10 important automated testing best practices to implement How to plot out a test automation strategy

Weigh test automation's advantages and disadvantages

Automated testing can add speed and completeness to the software development process, but be sure you've considered the tradeoffs. Let's look at the pros and cons.

Testing has always been a difficult, expensive and frustrating part of software development. In this age of rapid development and multicomponent software, it's often necessary to run through an exhaustive application test just to validate a single component change. The challenges of functional testing versus load testing are exacerbated by the cloud, which expects software to repair itself and scale under load.

Automated testing seems the perfect answer, but there are tradeoffs for both functional and load testing to consider. Be sure you understand test automation's advantages and disadvantages before you commit.

How automated testing differs from manual testing

With automated testing, tests can be organized to drive execution down all of the possible logic paths, achieving a level of completeness in testing often unattainable by even the developers themselves. Test injectors can be replicated and coordinated to simulate almost any number of users and any pattern of usage change. Software testing that might have taken months can now be done in a day.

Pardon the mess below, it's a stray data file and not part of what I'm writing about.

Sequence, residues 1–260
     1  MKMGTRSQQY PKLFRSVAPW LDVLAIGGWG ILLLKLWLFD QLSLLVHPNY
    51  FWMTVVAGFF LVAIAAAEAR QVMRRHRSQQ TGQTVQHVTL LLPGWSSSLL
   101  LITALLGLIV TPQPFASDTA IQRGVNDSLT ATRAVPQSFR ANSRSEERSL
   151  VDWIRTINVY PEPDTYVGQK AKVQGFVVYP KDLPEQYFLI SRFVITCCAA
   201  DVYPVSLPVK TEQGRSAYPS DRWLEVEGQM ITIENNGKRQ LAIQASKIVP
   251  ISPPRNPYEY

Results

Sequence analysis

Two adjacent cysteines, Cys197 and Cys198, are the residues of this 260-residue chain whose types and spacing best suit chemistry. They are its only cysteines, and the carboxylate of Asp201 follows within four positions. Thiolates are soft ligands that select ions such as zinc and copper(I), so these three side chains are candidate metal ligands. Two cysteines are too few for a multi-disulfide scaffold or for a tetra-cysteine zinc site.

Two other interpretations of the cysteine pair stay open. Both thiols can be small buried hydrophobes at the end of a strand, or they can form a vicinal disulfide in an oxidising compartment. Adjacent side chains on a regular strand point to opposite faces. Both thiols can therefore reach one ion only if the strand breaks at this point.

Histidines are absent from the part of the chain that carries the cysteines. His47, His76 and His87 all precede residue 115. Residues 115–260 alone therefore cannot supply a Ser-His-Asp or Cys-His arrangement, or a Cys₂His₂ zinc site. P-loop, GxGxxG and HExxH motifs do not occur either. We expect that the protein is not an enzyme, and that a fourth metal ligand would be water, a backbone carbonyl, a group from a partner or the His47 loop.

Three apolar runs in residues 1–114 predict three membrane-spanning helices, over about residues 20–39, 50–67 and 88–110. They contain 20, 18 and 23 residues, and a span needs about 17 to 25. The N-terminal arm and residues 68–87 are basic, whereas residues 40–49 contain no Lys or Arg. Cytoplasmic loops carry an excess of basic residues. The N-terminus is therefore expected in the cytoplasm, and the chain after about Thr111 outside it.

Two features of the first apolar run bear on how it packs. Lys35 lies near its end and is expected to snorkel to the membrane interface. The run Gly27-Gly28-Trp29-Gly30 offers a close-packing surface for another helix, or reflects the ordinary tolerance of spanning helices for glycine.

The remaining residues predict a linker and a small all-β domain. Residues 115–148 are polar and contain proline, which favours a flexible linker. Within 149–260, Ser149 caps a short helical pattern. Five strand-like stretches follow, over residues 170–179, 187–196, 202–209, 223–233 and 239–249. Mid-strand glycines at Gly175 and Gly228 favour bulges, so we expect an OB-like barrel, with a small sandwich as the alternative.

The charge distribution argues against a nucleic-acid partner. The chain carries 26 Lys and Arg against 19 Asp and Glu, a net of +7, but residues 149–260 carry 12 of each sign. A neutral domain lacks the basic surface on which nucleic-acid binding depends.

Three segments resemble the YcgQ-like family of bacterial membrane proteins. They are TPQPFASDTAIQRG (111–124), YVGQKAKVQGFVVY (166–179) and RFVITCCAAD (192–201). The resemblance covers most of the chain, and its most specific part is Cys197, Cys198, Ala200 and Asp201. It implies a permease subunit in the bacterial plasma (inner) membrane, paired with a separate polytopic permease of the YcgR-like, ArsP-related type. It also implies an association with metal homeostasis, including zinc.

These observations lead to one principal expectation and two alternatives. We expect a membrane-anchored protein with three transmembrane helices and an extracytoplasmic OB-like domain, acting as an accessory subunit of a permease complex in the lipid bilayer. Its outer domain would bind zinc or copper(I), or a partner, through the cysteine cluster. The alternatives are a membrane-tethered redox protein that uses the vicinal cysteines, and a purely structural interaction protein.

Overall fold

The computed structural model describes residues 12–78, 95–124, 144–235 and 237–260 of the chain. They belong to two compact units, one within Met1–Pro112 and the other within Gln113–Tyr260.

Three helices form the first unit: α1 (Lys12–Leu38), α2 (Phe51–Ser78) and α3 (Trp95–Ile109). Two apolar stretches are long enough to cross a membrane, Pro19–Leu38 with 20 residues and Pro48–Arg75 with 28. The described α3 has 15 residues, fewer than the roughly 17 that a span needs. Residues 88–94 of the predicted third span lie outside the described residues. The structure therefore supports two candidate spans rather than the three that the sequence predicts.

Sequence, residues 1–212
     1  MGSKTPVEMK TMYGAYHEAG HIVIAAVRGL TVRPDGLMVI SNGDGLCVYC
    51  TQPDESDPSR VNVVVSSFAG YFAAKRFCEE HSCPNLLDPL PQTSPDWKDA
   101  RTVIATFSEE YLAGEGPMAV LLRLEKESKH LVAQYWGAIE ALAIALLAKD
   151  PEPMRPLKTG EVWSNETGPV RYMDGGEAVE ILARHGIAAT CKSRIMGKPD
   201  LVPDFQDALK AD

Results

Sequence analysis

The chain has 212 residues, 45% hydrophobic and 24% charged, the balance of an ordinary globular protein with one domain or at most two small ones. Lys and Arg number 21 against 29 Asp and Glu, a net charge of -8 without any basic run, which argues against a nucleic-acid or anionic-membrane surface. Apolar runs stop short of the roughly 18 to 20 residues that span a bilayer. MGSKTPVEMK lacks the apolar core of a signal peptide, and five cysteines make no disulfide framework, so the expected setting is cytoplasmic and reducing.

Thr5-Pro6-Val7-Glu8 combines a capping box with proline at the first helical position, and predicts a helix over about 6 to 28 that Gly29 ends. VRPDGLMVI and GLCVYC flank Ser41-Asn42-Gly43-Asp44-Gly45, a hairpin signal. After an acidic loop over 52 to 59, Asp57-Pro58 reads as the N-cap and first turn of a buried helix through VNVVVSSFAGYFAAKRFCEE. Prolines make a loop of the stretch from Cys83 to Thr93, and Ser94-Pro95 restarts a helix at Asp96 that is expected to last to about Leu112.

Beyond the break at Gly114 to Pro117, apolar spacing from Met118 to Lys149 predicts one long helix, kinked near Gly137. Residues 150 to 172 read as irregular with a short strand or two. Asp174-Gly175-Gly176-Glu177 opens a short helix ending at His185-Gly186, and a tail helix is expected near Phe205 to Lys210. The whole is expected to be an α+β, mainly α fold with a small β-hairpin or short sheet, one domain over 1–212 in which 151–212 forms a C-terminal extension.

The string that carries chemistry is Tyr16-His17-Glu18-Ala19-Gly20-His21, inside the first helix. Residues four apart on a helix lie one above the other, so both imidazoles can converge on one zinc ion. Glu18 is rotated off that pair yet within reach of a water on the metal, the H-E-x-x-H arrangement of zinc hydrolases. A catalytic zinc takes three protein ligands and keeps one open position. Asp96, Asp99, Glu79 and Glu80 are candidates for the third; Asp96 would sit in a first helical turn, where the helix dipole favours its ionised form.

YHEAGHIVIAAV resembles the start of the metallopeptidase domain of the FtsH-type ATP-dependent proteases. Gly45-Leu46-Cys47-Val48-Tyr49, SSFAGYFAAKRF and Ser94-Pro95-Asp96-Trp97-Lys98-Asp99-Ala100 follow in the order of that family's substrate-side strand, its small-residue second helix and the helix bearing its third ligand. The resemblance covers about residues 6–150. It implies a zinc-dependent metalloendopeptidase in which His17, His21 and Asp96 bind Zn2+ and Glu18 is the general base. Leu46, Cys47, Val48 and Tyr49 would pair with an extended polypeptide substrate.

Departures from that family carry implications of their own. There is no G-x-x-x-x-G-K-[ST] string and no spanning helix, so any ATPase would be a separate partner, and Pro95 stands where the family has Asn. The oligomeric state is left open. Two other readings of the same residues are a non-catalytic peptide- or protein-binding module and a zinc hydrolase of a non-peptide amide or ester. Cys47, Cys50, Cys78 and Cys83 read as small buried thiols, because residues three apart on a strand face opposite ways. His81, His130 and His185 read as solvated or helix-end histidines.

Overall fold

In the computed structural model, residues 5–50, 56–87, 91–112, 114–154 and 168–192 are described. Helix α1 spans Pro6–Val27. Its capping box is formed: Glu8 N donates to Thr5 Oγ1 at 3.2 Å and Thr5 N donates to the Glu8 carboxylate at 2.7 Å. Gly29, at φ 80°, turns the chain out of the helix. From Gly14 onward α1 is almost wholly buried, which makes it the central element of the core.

The biggest problem with automated testing is that the tests themselves must be developed, almost as software is. Plus, they must be synchronized with the intended software usage patterns and application changes.

Any change made to software logic requires testing changes to exercise both the new logic and the way it interacts with the rest of the application. If this test-change task isn't done, or if isn't done correctly, then the tests won't validate the development. This synchronicity is both a management issue and a function of the tools.

If developers direct the testing, it may be helpful to inject test points in the code during development so code analysis can help generate tests. If it's to be driven by individual business departments, the test tools must be simple; otherwise, users will make mistakes when they set up the tests.

The hybrid cloud architecture creates a problem for all kinds of automated testing because it tends to segment the application into a web/cloud front end and a transaction-processing back end.

The most popular automated testing tool, Selenium, is a front-end testing tool, so obviously users accept the idea to separately test front-end and back-end components. This makes automated testing easier, but it also means that teams must synchronize the front- and back-end tests. If not, there's a risk that the entire application won't be tested. Many companies focus most of their development on the cloud front end, so cloud computing may ultimately promote the growth of automated testing.

Be aware of the tradeoffs

As for specific test types, let's look at Load testing, which is sometimes called performance testing. This is probably the strongest application of automated testing because truly effective load testing requires too much human interaction and effort to do manually. And that means the testing is almost never done right.